In 2011 the PLIA learned that NH DES was developing a plan to use Pawtuckaway Lake for storage of water to relieve drought conditions in the Lamprey River Watershed of which it is a part. As PLIA members were alerted to this project, they expressed concerns about its impact on the lake and a desire to be heard on the issue.  The PLIA was able to focus this response and develop a meaningful dialogue with DES that included several public hearings with specific attention paid to Pawtuckaway Lake and its needs.  As a result of this initiative by PLIA leadership, dedicated members, and Nottingham Town officials, DES included a highly significant and perhaps historic provision in its 8/29/13 Decision affecting winter drawdown of Pawtuckaway Lake.  It promised a collaboration between stakeholders like PLIA and the DES in monitoring and managing future lake water use and health, in implementation of both the new drawdown and the overall Lamprey River Management Plan. burack-and-duffy  A written agreement of cooperation was drafted and signed by our President and NH DES Commissioner Tom Burack in October of 2013, making us the first lake association in NH to have this kind of working relationship. The objectives that all were able to agree on are Pawtuckaway Lake as a healthy and viable recreational resource as well as water for the health of the Lamprey River Watershed and its aquatic species.  Although the Agreement reached its term and has now expired, thanks to this history, the PLIA continues to enjoy a close working relationship with NH DES.

As a benefit of the Partnership Agreement, NH DES has conducted aquatic plant surveys at Pawtuckaway Lake over several years using sonar and collections by hand sampling. The initial results form a baseline that allows DES to compare surveys conducted over a period of years.  When Variable Milfoil was detected in late summer of 2015 near a State Park boat ramp, DES was able to inspect the sonar survey from the previous year to determine whether it was new or established growth.  The response of DES to this emergency was a swift and thorough removal of the weed by specially certified divers, and a promise of future monitoring of this area.

In addition, our Partnership with NH DES has provided increased water testing and management. In 2014, DES measured stream height and phosphorus concentrations at the outlet dams during the fall drawdown. From these measurements, DES calculated the amount of phosphorus exported from each dam.  As a comparison with past operations, DES also estimated the phosphorus export if the 2015 release followed historic operations.  At the request of PLIA President Tom Duffy, fall drawdown practices were changed to direct most of the flow out of the lake via Drowns Dam instead of Dolloff Dam. This produced a much greater export of phosphorus as a result of discharging water with a higher concentration of phosphorous. DES estimates that the historical drawdown practices would have released 350 pounds of phosphorus. The new drawdown operations released 1066 pounds of phosphorus (716 pounds more than would have been historically released).  This exciting and encouraging development holds significant promise for the improved health of Pawtuckaway’s waters.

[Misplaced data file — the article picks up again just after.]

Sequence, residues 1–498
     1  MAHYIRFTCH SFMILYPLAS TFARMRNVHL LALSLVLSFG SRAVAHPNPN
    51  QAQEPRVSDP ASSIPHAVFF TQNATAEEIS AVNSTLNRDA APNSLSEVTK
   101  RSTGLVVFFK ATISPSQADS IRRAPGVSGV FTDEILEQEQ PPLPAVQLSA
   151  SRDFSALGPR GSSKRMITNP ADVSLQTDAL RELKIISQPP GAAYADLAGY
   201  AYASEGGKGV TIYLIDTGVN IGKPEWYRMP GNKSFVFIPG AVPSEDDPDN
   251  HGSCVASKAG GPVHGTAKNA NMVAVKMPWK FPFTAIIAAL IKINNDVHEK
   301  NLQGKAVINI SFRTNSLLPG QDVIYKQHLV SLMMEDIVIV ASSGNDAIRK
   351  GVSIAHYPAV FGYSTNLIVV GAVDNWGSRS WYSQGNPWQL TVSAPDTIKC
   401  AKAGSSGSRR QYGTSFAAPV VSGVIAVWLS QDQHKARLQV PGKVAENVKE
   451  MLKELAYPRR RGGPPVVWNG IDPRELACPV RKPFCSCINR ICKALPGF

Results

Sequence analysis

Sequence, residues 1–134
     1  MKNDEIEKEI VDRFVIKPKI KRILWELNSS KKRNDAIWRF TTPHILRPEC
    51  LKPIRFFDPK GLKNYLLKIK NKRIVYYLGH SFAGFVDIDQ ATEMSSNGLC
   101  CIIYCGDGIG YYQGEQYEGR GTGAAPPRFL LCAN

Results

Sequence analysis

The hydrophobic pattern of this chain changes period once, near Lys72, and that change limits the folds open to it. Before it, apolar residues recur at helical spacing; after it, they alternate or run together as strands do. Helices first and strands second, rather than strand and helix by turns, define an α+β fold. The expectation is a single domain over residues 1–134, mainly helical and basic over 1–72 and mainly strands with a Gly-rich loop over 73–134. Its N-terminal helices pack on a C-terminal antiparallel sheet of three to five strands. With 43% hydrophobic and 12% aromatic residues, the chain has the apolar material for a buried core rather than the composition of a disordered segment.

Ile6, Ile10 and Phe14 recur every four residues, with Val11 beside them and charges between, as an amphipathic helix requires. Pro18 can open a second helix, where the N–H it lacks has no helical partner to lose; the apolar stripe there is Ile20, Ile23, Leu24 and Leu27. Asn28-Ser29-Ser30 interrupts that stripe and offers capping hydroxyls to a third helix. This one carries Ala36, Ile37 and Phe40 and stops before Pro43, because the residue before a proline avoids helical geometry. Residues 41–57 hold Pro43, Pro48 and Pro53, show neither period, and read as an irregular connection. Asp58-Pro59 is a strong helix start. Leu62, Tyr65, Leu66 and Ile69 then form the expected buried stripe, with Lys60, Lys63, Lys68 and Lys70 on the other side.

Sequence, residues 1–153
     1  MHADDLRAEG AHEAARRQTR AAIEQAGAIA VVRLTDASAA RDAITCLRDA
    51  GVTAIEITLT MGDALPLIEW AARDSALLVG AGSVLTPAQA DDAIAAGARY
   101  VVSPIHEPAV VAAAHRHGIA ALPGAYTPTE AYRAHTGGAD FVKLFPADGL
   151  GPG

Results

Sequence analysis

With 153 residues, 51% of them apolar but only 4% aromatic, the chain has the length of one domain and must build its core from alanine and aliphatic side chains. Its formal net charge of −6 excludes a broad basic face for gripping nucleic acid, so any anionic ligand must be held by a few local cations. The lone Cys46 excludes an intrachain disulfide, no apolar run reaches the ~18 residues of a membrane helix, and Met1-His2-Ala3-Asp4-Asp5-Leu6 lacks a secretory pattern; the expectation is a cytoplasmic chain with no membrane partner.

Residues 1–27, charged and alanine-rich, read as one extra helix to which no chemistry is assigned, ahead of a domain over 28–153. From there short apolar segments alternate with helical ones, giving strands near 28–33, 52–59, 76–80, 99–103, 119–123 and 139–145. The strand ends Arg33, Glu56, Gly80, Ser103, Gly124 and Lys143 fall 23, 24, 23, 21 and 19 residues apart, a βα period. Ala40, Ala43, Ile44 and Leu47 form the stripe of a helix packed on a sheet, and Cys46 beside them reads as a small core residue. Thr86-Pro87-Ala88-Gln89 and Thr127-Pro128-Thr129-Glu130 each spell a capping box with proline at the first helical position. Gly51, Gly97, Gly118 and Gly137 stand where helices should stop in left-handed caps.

• In 2013, the New Hampshire Lakes Association selected Tom Duffy, then PLIA Co-President, as its volunteer of the year, bestowing on Tom the prestigious John F. Morten Memorial Award for Exemplary Lakes Stewardship.  The “Morten Award” was created in 1992 in honor of John F. Morten, in recognition of his lifelong work on behalf of New Hampshire’s lakes. John Morten is credited with having the vision and commitment to create a statewide organization to advocate on behalf of all lakes.  Tom Duffy joined a long line of dedicated and effective lake stewards who have been recipients of this award and joined the company of so many other volunteers throughout New Hampshire, who together help to protect the quality of our lakes for this and future generations.  Tom’s fellow volunteers on the PLIA said that his “tireless, enthusiasm, boundless energy, and consistent encouragement to promote the health of Pawtuckaway Lake sets a high standard of performance for our committed team of volunteers.”
  • In ­­­­1993, the PLIA obtained a State-funded diagnostic study of the ecological health of our lake water conducted by NH DES. It also funded a program of amelioration at several off-lake sites where significant amounts of phosphorus were leaching and draining into streams that feed the lake.
  • Following a 2006 study commissioned by NHDES,  a Storm Water Management Assessment was issued in 2007 with recommendations specifically for Pawtuckaway to reduce the damage caused by drainage of pollutants into the lake.  The document is valuable for its descriptions of Best Practices and the creation of protective Rain Gardens.
  • Also in 2006, the PLIA secured a Watershed Assistance Grant from NH DES to identify and quantify specific sources of phosphorus contributing to the lake’s water quality.  A thorough report and Watershed Based Plan was generated from this extensive study in 2008.